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Ingmar Bergman

...because he was perhaps the string theorist of story. Reducing all of the inner workings of humanity to its base form, each film is a picture of our moral and spiritual existences, and a stripping away of all that we use to protect ego. Through high-scope pictures like "Fanny and Alexander," one can see mastery in filmmaking. Through experimental pieces like "Persona," one sees genius pushing the boundaries of cinematic form. But almost most impressively, through intimate chamber films like "Wild Strawberries" and "Autumn Sonata," one sees that vision does not need hoards of money or radical technique to shine through. Present in all of Bergman's work is all of Bergman, and all of us.


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Jesse Kalin extracts six basic experiences present in all of Bergman's films that serve as points of development. They are judgment, abandonment, passion, turning, shame and vision. The religious undertones of these ever-present themes stem from Bergman's Christian upbringing – though paired with the futile, godless landscape of his films, we are exposed to a powerful irony in surreal treatment. Bergman often spoke of the importance of dreams and in an interview detailing his experience under general anesthesia, he described the difference between existing (lucidity) and non-existing (unconsciousness) as states of suffering like a dirty-snake versus utter-perfection, a thought which lends credence to the inventive, dream-like beauty of his pictures.

One viewing of the documentary, "Trespassing Bergman," and you'll see the cavalcade of heavy-hitting directors, visionaries in their own respects, paying homage to who can only be described as their cinematic messiah, Ingmar Bergman. Alejandro Iñarritu, Wes Anderson, Ridley Scott, Ang Lee, Martin Scorsese, Francis Ford Coppola and Lars Von Trier, to name a few. But the crowns for Bergman's most notable disciples go to Andrei Tarkovsky and Woody Allen. It can be argued that Tarkovsky, outspoken of his veneration for Bergman, would have loved to be Ingmar – tapping into the same metaphysical themes, using the same actors and even hiring Sven Nykvist to shoot "The Sacrifice," a movie that Andrei wanted to shoot on Bergman's home island. For Woody Allen, borrowing from Bergman would be an understatement. Allen's "Deconstructing Harry" literally lifts the story of "Wild Strawberries" and rethinks it with Woody's signature shlemiel, a "technique" he's used more than once.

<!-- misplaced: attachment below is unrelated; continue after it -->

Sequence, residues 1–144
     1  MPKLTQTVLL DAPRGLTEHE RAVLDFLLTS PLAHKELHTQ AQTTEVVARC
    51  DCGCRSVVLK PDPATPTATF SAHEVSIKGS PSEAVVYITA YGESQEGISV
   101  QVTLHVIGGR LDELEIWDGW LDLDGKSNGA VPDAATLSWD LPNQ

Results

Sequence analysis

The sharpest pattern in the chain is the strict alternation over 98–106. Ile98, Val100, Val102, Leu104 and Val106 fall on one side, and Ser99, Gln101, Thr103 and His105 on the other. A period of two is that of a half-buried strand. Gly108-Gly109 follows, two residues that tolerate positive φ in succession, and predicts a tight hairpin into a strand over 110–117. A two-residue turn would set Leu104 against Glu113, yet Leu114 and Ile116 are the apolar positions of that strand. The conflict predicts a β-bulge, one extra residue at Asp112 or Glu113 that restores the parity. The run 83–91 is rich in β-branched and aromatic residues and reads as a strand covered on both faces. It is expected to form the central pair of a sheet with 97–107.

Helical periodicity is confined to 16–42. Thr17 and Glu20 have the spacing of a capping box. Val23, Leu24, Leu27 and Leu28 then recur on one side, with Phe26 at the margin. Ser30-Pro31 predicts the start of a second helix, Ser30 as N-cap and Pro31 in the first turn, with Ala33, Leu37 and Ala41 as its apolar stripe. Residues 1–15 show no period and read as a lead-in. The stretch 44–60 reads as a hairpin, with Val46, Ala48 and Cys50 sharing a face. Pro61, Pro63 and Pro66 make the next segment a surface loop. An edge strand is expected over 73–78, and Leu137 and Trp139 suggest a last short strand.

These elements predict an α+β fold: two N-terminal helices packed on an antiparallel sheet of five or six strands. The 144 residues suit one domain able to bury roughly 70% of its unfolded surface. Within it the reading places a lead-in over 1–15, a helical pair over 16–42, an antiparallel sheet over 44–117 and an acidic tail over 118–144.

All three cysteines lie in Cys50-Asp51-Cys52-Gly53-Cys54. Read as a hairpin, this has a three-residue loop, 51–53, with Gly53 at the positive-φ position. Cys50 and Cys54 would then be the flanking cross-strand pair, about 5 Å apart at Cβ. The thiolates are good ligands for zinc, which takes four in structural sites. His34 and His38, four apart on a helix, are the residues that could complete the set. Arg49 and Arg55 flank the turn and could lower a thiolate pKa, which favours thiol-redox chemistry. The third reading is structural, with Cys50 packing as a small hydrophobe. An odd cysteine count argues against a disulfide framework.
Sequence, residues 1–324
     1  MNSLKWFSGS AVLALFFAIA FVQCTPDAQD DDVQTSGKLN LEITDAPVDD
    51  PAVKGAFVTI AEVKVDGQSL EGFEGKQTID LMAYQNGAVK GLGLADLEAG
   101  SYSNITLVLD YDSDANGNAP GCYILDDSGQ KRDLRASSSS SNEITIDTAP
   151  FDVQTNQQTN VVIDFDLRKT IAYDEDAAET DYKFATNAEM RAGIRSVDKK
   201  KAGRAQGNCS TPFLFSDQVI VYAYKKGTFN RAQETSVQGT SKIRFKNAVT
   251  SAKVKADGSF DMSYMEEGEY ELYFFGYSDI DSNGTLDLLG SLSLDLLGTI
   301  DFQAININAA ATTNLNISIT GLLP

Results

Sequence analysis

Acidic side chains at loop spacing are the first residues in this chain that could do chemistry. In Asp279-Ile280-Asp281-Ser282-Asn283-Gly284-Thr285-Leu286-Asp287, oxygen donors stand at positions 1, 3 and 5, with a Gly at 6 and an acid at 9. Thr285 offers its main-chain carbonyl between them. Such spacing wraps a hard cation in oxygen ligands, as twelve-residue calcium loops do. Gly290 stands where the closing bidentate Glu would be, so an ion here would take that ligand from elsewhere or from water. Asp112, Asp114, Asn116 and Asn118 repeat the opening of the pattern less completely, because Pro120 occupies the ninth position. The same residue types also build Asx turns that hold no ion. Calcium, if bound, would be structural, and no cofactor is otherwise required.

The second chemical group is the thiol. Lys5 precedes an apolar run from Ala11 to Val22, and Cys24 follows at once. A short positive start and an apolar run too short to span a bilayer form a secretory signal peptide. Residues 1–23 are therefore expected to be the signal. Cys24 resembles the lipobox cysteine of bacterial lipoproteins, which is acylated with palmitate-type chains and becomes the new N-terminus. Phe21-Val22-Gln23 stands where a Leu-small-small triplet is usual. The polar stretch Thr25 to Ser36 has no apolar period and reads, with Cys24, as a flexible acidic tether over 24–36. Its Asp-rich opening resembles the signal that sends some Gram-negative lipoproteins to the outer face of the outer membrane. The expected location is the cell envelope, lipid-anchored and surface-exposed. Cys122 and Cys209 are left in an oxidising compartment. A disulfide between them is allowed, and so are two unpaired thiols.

Bergman honed his skills as a playwright in the 1940's with influence from August Strindberg. In the 1950's, he applied it to familiar narratives to give us movies like "The Seventh Seal." It was in the 1960's that he started to blend the intimate nature of stage stories and the exploitative powers of cinematic form in productions that were scarce on cast and locations and high on symbolism and suggestions that can only be conveyed through film. Movies like "Persona" and "Autumn Sonata" are, on the surface, simple productions. But when coupled with a masterful sense of blocking, image assembly and most importantly character understanding, the true complexities of Bergman's chamber films are revealed and endowed with timeless accolades.


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Lighting “Persona”

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Ingmar Bergman’s Persona

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The Films of Ingmar Bergman – University of Cambridge

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University of Copenhagen – Scandinavian Film and Television (online course)

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Light Keeps Me Company – Documentary

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